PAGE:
Next month, China hosts the Winter Olympics in Beijing, which will focus an international spotlight on the country’s performance. In the fall, Xi Jinping, China’s leader, is expected to claim a third five-year term at a Communist Party congress.
With the country’s growth slowing, its demand slackening, and its debt at near-record levels Mr. Xi could be facing some of the greatest economic challenges since Deng Xiaoping, who lifted the country out from its Maoist straitjacket forty years ago.
“I’m afraid that the operation and development of China’s economy in the next several years may be relatively difficult,” Li Daokui, a prominent economist and Chinese government adviser, said in a speech late last month. “Looking at the five years as a whole, it may be the most difficult period since our reform and opening up 40 years ago.”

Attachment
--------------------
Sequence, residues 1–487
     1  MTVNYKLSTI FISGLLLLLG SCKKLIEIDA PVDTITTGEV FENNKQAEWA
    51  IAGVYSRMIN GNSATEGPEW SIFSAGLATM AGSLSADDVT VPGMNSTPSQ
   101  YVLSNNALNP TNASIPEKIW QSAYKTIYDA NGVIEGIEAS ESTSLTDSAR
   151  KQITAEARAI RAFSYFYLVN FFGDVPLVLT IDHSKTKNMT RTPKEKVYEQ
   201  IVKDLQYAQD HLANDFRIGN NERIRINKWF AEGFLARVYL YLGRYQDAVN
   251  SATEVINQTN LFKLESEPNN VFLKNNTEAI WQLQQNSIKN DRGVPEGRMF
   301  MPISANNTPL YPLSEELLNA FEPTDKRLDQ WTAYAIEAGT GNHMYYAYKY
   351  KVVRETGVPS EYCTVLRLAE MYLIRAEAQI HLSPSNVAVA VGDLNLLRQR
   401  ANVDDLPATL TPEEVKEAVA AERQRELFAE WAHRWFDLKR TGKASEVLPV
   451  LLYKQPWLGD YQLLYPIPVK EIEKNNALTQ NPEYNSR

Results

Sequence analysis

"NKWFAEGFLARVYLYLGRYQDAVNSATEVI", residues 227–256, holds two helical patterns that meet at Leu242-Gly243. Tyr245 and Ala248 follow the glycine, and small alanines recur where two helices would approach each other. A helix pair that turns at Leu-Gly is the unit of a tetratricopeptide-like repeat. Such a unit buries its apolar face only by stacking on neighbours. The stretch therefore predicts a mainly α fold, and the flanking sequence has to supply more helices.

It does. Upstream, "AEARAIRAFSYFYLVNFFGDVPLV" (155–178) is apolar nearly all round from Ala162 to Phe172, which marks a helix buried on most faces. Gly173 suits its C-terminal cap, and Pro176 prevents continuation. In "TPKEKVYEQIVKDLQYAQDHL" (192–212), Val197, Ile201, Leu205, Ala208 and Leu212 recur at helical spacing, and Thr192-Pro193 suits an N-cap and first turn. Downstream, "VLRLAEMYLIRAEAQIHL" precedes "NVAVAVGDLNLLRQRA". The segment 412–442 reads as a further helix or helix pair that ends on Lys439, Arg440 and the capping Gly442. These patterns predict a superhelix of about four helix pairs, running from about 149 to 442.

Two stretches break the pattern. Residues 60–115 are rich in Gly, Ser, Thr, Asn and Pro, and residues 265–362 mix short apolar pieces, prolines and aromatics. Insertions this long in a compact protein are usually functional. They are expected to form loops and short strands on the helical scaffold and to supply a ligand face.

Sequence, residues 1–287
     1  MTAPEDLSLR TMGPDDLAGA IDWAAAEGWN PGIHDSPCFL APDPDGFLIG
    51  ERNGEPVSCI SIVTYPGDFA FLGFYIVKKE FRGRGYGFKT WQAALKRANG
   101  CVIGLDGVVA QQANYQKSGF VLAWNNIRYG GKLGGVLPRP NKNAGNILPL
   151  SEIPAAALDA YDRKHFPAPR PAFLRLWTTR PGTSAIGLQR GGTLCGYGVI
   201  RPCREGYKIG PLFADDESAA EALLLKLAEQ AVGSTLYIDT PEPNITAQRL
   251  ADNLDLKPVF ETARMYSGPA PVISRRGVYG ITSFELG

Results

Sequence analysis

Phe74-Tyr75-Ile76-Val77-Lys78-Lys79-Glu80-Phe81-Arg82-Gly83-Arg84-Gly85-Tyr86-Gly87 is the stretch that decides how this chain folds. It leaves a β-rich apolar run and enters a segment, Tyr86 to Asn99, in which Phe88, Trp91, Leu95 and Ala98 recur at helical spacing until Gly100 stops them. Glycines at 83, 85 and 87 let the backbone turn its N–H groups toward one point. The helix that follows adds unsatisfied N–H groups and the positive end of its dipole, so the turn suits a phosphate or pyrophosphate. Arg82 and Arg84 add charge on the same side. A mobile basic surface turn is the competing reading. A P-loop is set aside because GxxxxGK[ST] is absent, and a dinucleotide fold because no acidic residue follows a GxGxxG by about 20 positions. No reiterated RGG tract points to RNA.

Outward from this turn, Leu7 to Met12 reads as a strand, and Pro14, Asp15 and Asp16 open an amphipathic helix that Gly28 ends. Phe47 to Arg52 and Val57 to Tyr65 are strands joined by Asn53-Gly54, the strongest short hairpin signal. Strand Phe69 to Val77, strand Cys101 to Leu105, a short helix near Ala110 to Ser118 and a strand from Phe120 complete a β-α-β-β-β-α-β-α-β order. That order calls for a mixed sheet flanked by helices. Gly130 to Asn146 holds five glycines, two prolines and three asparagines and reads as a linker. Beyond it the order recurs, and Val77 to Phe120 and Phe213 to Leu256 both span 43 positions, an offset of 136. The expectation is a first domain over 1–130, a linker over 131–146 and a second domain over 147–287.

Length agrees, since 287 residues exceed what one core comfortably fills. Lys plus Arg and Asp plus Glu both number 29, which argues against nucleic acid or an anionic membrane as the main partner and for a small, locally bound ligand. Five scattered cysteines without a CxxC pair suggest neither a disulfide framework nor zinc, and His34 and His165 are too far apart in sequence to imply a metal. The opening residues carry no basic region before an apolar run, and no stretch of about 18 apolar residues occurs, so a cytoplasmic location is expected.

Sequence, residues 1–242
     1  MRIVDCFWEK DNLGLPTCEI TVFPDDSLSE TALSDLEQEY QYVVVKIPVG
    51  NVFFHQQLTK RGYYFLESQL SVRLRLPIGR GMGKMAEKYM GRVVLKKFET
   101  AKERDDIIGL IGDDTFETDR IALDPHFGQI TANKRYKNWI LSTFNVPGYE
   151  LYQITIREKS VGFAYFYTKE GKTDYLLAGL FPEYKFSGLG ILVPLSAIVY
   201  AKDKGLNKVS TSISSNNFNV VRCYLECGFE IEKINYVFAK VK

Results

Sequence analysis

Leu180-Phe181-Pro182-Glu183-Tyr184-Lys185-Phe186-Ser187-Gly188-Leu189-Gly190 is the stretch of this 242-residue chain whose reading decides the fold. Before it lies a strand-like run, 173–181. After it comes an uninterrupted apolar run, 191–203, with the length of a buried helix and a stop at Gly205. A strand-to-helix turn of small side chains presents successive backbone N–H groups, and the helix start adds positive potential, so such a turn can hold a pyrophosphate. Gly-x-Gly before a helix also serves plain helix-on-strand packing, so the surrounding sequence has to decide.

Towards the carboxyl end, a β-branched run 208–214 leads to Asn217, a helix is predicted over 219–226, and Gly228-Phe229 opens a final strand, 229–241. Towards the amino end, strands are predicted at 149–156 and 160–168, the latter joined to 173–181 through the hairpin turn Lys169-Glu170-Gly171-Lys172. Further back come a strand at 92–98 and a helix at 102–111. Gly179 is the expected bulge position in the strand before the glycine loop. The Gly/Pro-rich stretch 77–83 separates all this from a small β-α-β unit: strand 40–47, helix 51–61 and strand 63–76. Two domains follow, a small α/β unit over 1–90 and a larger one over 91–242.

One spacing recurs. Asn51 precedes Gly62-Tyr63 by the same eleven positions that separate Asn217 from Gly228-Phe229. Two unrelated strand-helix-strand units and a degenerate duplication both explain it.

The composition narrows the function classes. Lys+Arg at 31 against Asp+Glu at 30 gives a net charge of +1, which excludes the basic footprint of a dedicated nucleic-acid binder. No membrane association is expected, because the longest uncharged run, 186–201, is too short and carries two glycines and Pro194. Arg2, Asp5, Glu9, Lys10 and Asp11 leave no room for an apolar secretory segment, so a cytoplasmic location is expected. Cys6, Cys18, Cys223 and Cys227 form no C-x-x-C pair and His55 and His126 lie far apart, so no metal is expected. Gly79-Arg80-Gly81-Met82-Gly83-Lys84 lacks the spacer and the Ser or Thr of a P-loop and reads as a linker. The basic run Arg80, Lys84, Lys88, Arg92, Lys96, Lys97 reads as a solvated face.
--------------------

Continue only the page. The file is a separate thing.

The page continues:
China also faces the problem of rapid aging, which could create an even greater burden on China’s economy and its labor force. The National Bureau of Statistics said on Monday that China’s birthrate fell sharply last year and is now barely higher than the death rate.
Struggles in the Private Sector
Millions of private businesses have collapsed due to rising costs of raw materials and the pandemic, many of which are small and family-owned.
This is a concern as private companies are the backbone and source of three-fifths (or more) of China’s economic output.
Kang Shiqing invested much of his savings nearly three years ago to open a women’s clothing store in Nanping, a river town in southeastern China’s Fujian Province. However, the number and quality of customers dropped dramatically after the pandemic in the year that followed.